Every so often (4-8 times/year), scientists at a university in a non-English-speaking country will ask me to edit the English in a manuscript that they either hope to submit for review or that has been reviewed and criticized for its poor English. I am happy to help because, in theory, this simple assistance can have a positive impact on someone’s career because publication in international journals may be essential for advancement.
As an editor/reviewer, I have struggled to understand the meaning of some manuscripts written by non-native English speakers, so I think it's a good thing for authors to seek technical editing assistance prior to submission. Furthermore, on a personal level, I benefit from the fact that the international literature is in my native language, and on a cosmic level I think that science as a whole will be the better owing to participation by more scientists, so it makes sense for me to do this simple thing to help.
Some of my colleagues think I should refuse to do this editing, as it encourages people to think of me as a glorified clerical worker. That is, if the manuscript authors really respected me as a Scientist, they wouldn't ask me to edit their manuscripts, and therefore the requests are sexist. I don’t agree with that opinion, but there is an element of truth to it. Some of those who ask me for help have been rather patronizing over the years, are not necessarily very gracious, and tend to respond to my efforts by asking me to do more for them (e.g., doing literature searches for them).
Most of these editing requests come from scientists who are not at well-equipped research institutions, and who are already facing major challenges to do the research and publish the results. At the risk of sounding patronizing myself, I am sympathetic to how difficult it must be to do research at the level required for publication in international journals at an institution that lacks major research facilities. Add to that the challenge for some of communicating in a foreign language, and there's the basis for my philosophy re. agreeing to these technical editing requests. If I can help in some way, shouldn’t I do so? Or am I perpetuating a stereotype about women as assistants who can be asked to do low-level tasks?
In this post, I am discussing the issue of technical editing of manuscripts on which I am not a coauthor, i.e. for scientists who are not research collaborators. I have international colleagues with whom I collaborate on research projects, and that is an entirely different situation.
Some of these scientists ask me to comment on both the writing and the science, but recently I got a couple of requests asking me to confine my comments to the writing. I thought that was kind of odd, but I wondered if the scientists were trying to be polite and not take up more of my time than necessary. I should say that I have never met some of these scientists, and others I don’t know well, so I figure I might as well just help them rather than figure out the motivation for this request.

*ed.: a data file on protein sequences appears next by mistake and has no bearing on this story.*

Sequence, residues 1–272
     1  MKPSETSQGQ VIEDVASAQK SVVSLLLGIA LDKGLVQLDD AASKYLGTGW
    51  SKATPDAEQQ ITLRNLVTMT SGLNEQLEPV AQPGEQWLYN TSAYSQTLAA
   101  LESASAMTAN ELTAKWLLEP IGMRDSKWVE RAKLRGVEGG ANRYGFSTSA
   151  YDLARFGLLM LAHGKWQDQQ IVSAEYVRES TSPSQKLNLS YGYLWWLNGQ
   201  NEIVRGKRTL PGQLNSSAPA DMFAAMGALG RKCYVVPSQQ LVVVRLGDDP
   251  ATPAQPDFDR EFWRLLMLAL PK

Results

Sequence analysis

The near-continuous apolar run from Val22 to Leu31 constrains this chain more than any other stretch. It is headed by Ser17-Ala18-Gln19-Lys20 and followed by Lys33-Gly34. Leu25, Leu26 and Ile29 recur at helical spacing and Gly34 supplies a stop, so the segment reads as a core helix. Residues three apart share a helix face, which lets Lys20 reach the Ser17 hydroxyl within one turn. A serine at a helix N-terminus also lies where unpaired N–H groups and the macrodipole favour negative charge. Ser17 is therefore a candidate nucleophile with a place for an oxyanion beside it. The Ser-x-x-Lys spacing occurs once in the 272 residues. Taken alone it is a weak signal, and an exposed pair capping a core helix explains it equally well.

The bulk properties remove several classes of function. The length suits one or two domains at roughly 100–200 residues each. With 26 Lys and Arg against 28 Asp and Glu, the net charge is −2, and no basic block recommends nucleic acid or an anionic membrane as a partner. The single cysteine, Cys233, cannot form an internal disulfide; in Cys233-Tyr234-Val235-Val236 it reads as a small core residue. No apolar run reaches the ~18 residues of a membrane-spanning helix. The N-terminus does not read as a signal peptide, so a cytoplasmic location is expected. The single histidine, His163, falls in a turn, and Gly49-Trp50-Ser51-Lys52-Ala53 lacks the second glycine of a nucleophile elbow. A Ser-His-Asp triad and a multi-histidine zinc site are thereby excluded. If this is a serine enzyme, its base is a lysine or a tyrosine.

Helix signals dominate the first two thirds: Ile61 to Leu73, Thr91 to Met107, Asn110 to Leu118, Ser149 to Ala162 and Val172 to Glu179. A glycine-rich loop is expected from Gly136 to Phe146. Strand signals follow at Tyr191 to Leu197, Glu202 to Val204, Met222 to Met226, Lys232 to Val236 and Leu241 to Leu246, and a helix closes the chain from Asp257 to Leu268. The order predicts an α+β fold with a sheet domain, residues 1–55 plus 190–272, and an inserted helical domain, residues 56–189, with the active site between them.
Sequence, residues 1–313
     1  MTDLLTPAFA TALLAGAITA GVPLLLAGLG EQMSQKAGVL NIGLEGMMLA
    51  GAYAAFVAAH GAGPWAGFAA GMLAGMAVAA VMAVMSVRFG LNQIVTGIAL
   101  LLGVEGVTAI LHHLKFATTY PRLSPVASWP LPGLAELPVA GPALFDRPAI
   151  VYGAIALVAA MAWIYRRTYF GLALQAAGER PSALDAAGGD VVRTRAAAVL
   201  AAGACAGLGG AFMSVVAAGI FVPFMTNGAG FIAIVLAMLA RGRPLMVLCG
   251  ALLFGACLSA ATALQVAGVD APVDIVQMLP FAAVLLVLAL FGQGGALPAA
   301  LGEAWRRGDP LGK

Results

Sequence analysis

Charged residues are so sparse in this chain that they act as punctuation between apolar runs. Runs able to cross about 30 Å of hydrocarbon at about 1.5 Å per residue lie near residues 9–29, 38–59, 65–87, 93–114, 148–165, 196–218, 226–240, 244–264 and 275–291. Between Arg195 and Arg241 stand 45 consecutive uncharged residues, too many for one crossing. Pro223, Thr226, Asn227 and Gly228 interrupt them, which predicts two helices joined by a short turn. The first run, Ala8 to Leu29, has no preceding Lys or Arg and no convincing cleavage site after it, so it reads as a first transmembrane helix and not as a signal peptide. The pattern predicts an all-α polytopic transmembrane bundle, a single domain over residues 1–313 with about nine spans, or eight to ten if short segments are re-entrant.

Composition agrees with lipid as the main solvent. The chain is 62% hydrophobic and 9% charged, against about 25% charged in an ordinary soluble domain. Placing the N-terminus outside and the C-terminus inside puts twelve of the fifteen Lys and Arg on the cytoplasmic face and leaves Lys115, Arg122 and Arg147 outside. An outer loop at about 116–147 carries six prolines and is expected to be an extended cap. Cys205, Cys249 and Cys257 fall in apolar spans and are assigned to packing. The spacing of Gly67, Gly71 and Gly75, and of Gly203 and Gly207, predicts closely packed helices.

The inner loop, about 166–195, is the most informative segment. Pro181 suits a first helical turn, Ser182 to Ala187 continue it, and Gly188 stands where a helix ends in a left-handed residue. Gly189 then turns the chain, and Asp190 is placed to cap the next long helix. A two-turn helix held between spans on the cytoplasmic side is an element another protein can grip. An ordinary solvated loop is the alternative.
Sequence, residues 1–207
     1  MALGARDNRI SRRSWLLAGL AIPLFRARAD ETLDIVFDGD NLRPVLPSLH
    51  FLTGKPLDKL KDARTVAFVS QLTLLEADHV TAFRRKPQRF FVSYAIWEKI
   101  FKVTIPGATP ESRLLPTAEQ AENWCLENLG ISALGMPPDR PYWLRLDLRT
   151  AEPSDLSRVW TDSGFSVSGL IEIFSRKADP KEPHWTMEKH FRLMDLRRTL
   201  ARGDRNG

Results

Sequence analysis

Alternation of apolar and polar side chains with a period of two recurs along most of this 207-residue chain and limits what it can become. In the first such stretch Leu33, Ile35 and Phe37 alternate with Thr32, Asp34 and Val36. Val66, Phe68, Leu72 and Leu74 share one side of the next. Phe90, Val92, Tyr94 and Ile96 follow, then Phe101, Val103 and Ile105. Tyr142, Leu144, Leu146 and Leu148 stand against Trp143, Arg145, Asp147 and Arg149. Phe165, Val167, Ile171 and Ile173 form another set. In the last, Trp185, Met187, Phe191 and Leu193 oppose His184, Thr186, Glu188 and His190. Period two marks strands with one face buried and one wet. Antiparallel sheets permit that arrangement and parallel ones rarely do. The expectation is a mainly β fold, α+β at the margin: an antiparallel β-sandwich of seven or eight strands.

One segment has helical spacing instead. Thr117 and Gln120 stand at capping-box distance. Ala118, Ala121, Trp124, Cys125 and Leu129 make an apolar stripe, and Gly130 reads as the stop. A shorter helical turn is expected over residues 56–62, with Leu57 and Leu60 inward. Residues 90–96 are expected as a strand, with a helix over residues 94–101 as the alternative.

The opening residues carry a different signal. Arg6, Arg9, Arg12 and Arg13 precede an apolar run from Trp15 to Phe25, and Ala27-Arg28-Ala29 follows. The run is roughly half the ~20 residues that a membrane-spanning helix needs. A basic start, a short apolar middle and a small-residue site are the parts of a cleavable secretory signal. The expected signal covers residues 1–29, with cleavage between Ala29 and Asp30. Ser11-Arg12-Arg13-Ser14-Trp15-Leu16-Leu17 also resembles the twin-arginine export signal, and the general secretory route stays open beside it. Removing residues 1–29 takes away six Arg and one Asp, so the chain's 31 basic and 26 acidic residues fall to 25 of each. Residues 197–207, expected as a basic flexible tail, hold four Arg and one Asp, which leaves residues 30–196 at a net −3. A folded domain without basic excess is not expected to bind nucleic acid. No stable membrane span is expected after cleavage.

In one such case I had no trouble complying with the request to confine my comments to the writing. The manuscript topic wasn’t particularly close to my field of expertise, and I zipped through it, fixing the writing. In another case, however, I couldn’t help but comment on some errors, in addition to fixing the writing. I felt that the manuscript was publishable if these errors were fixed, and not publishable without the corrections. The author wrote back to say (essentially): “Thanks for your comments on the science but I am going to ignore them all.” The manuscript was rejected, and I am curious to see what the author decides to do next.
In fact, rejection is a common fate for quite a few of these manuscripts. I said above that correcting the writing in a manuscript can, in theory, have an impact. The impact is theoretical unless the manuscript is published. In some cases there is nothing that I can do to save these manuscripts, however excellent my subject-verb agreement. If the topic is somewhere close to my research expertise, I can, in some cases, help with the content. For example, last year I edited a manuscript that clearly needed data that were easy for me to acquire but impossible for the author, owing to lack of facilities in his country; it took me only a few hours to get the data for him.
If the topic is further removed and there is no reasonable way I can help make a manuscript publishable, my editing efforts are pointless. Even so, I can’t imagine declining to help even when I’m fairly certain of the fate of the manuscript.
There is one particular scientist, whom I have never met, who requests more of my time than all the others combined. He typically includes in his request a casual mention of the fact that it is my responsibility as a scientist in a rich country to help poor, struggling scientists such as him, and that should I decline to help him, my selfish actions would seriously erode tenuous relationships between our two countries and besmirch the pure ideals of scientific collaboration.
I would prefer a simple “Will you please help me with X?”, but despite his obnoxious and manipulative attempt to extract my assistance, this colleague is right that I do have some responsibility to help. But how far can I / should I go with my help? My ability to work with international scientists (other than my collaborators) is constrained by time, funding, and the limits of my expertise. Even so, I figure that the least I can /should do is help edit some manuscripts, with an occasional foray into more substantial assistance.
13 years ago